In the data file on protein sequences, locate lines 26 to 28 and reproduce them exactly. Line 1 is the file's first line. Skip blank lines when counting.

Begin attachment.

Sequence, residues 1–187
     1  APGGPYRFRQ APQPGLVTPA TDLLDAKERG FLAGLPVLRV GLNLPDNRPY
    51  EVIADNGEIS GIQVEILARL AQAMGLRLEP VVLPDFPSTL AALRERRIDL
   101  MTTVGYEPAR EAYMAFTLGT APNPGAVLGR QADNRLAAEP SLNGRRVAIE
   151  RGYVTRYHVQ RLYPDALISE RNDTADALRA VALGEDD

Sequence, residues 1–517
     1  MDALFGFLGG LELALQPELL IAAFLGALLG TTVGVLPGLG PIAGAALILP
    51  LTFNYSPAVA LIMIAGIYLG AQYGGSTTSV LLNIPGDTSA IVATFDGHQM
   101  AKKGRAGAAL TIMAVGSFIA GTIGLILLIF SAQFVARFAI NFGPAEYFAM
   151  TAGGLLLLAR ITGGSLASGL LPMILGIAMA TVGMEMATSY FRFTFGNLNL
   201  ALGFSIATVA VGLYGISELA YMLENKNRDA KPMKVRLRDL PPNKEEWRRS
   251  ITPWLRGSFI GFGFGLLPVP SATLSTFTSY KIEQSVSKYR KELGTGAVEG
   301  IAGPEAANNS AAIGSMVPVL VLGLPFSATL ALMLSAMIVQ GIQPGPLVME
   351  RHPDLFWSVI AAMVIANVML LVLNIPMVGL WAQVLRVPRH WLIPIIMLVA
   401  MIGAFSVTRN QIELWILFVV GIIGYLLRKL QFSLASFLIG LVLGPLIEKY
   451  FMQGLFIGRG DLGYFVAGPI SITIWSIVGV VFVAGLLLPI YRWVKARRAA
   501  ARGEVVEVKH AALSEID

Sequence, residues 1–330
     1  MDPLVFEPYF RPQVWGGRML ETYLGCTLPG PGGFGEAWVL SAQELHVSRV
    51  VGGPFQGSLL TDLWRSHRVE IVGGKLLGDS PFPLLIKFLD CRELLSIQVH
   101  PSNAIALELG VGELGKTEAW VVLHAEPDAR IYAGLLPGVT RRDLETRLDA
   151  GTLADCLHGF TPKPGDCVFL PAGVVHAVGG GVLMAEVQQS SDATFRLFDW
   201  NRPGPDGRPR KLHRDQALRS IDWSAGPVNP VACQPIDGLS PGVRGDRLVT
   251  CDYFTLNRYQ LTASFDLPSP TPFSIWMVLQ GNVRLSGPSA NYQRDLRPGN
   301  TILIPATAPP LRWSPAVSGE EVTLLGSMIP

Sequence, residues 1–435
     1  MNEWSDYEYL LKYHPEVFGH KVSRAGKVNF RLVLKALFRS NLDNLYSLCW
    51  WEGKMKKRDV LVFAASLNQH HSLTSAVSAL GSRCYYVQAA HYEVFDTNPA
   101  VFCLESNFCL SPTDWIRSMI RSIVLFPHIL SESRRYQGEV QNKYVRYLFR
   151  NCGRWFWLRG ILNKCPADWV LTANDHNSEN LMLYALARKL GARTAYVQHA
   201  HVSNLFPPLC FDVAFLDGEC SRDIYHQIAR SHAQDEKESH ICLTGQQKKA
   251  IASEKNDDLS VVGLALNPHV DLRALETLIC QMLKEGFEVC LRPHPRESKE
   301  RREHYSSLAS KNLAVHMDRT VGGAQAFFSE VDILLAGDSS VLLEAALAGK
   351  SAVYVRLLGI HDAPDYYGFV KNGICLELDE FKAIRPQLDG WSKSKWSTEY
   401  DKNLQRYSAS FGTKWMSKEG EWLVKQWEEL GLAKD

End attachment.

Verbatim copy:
Sequence, residues 1–435
     1  MNEWSDYEYL LKYHPEVFGH KVSRAGKVNF RLVLKALFRS NLDNLYSLCW
    51  WEGKMKKRDV LVFAASLNQH HSLTSAVSAL GSRCYYVQAA HYEVFDTNPA